Mass Timber Vertical Farm Proposed
Beyond Organic now envisions 5-story, mass timber, solar-powered structure on near South Side.
A proposed five-story vertical farm took its first public step forward Tuesday morning.
The Zoning, Neighborhoods & Development unanimously recommended giving Beyond Organic an exclusive right to negotiate to buy a city-owned parking lot at 716 W. Windlake Ave., just south of W. Historic Mitchell St.
Beyond Organic, a Wauwatosa-based 501(c)(3) organization, is led by Laura Michele.
Michele’s plans call for a mix of uses within a five-story structure. The first floor would have a cafe, retail store and aquaponics operation. The second floor would have an education center. The third and fourth floors would have soil-based planters. The fifth floor, which would be set back to allow rooftop farming, would be used as an event center. A large basement is also planned said Korb, and brings the effective structure size to 100,000 square feet.
“It was very important that the organization had some property that made sense,” said area alderman and Common Council President Jose G. Perez on Tuesday. “We are excited and hopeful this will come together.”
Korb, on Friday, credited Perez for being highly supportive of the project and helping find a site.
The zoning committee quickly recommended approval of the exclusive negotiation period. Korb was the only representative of the development team to appear before the committee. Potential financing sources for the project have not been disclosed.
On Friday, Korb said the prototype vertical farm plan called for a seven-story building on a generic site. That height would maximize the structure size given the building code constraints on mass timber. But upon finding a specific site that was bigger than expected, the building height was reduced to five stories because the individual floors grew in size.
Beyond Organic would have the exclusive right to negotiate for the purchase of the property through Nov. 30 with a possible three-month extension. The Common Council would need to approve any future land sale and might need to approve a zoning change for the property.
Michele was a business partner with urban agriculture pioneer Will Allen on his business, Will Allen’s Beyond Organic LLC. That entity, according to state financial records, was dissolved in 2021. Michele’s organization was incorporated in 2020.
Allen launched Growing Power at 5500 W. Silver Spring Dr. in the 1990s and grew it into an internationally-recognized urban farming operation, but the organization shuttered in 2017 amidst financial difficulties. Allen and his partners were pioneers in developing aquaponics, where fish support the growth of hydroponically grown (water-based) plants. Growing Power was also a pioneer in training urban youth for careers in sustainable agriculture.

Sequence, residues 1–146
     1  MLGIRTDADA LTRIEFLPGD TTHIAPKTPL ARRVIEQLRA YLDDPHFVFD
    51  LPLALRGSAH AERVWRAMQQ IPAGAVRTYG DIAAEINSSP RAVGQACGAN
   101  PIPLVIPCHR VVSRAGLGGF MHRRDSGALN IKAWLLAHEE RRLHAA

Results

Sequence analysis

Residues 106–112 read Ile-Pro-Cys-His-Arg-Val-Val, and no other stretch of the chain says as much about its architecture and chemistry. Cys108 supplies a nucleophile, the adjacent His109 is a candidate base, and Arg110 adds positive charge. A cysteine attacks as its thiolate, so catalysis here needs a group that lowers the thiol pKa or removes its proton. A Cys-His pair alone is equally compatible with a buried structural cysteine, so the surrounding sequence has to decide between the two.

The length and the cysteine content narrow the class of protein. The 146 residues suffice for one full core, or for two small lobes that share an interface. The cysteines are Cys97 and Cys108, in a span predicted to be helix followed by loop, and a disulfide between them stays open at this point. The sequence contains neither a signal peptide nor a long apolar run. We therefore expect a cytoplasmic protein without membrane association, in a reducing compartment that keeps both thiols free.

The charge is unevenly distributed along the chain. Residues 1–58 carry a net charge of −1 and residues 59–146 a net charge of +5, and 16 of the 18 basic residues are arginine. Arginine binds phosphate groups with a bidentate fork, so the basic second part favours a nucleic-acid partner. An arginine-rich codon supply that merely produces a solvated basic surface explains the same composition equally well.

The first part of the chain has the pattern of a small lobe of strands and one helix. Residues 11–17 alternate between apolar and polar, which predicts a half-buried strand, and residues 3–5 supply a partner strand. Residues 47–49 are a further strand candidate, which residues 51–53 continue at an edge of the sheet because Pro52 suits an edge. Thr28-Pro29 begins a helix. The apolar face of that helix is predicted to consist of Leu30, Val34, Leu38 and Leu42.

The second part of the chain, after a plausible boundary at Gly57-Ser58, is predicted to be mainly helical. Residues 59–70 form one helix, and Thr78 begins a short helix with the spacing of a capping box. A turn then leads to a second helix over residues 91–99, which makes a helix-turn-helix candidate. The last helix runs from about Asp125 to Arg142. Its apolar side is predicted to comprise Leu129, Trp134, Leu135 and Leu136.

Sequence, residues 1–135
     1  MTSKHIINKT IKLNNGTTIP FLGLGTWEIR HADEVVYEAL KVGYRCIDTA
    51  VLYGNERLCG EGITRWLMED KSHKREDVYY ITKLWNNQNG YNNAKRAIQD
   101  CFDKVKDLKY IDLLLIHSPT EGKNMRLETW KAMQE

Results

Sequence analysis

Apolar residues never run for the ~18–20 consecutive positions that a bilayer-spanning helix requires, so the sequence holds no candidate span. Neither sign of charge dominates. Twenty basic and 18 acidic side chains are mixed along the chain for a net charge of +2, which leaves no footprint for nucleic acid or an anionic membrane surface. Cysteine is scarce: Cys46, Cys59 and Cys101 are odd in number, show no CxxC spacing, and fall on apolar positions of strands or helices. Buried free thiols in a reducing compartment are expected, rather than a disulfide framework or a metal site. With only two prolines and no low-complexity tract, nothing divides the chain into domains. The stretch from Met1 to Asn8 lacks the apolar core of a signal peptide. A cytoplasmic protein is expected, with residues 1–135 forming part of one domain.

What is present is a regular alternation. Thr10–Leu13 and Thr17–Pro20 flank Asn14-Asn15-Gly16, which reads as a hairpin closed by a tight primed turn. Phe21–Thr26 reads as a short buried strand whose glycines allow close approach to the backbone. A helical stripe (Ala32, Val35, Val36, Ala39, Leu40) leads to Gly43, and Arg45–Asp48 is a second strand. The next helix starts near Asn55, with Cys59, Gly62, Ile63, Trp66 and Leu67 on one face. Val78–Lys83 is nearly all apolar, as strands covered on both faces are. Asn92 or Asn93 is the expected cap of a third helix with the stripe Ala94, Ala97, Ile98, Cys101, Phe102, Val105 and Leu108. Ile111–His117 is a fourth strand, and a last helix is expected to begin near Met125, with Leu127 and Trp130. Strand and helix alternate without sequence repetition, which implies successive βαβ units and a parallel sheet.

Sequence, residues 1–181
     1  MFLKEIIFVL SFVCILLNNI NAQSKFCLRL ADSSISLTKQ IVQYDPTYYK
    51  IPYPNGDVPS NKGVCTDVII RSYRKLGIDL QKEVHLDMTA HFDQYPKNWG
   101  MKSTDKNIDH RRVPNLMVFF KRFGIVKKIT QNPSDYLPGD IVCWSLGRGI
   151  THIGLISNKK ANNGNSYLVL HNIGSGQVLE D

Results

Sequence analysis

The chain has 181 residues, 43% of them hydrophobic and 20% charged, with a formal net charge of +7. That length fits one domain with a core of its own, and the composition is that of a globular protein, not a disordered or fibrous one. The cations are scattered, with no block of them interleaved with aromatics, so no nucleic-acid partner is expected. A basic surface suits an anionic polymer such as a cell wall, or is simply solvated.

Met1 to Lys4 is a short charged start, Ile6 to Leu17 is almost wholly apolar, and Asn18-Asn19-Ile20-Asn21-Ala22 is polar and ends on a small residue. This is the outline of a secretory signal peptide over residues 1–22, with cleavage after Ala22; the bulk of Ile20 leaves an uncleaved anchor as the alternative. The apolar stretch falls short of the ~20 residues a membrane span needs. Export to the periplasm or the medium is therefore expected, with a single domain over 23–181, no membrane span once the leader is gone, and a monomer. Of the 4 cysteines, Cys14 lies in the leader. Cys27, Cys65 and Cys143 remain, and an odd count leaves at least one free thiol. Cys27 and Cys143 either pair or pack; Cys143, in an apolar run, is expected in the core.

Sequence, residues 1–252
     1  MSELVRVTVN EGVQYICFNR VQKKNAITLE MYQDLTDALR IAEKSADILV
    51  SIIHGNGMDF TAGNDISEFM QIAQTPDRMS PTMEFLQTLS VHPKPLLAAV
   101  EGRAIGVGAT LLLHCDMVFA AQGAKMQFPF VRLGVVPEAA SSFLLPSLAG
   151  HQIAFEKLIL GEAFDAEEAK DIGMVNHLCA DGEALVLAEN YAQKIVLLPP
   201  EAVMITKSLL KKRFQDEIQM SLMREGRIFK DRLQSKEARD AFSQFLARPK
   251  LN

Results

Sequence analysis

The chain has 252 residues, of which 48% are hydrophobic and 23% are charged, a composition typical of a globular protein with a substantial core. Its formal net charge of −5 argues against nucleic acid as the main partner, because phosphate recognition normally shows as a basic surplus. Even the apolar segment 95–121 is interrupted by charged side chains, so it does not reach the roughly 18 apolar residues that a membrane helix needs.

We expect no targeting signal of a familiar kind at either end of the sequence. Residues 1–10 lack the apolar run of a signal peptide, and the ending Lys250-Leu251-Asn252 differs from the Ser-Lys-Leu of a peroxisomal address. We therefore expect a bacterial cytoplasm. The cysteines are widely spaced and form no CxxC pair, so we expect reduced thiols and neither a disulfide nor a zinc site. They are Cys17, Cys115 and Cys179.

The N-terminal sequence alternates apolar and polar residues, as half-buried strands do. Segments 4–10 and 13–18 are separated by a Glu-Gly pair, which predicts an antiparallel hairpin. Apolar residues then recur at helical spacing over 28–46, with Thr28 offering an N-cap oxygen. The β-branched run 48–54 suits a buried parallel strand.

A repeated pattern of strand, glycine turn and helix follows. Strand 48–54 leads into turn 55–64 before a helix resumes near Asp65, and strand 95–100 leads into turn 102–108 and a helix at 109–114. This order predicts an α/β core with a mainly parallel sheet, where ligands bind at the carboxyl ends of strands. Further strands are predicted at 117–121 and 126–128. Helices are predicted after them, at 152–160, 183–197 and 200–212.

In 2010, Growing Power announced plans to develop its own five-story, vertical farm on the Silver Spring Drive site. Those plans never publicly progressed after being announced.
Allen’s Beyond Organic entity was created following Growing Power’s demise. It has worked with hemp and sold CBD oil.
As a result of the Ascent tower, Korb and his firm have become a nationally-recognized specialist in mass timber. The engineered product, made by combining layers of lumber that competes with steel and concrete, demonstrated its safety in a three-hour fire test conducted for the Ascent project. It’s been lauded for its sustainability benefits, including reduced weight and construction time, as well as its aesthetic benefits.
The architect could also break the world record he helped set. In St. Louis, his firm is designing a 29-story building that would be approximately 30 feet taller than Ascent. That project, said Korb, is moving towards approval and ultimately groundbreaking. A number of other projects in the nation are also vying to break the record.
Korb said the firm has other mass timber projects under development in additional cities. The firm also has a large portfolio of more conventional buildings in the Milwaukee area.
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Related Legislation: File 221536